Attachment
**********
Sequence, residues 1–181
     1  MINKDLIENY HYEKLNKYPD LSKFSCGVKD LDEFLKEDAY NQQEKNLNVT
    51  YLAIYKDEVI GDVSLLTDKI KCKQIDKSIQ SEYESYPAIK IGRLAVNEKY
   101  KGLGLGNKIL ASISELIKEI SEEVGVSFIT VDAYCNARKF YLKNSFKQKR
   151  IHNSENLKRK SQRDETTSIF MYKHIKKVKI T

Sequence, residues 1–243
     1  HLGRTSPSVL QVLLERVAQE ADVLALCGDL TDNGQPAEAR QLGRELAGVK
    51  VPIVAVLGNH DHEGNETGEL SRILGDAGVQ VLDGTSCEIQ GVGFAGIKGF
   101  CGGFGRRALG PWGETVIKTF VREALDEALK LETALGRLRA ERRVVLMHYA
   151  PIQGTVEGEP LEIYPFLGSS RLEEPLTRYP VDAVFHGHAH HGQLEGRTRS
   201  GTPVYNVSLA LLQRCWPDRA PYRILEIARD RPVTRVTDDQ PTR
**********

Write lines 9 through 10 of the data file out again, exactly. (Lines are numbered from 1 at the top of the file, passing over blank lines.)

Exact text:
   101  CGGFGRRALG PWGETVIKTF VREALDEALK LETALGRLRA ERRVVLMHYA
   151  PIQGTVEGEP LEIYPFLGSS RLEEPLTRYP VDAVFHGHAH HGQLEGRTRS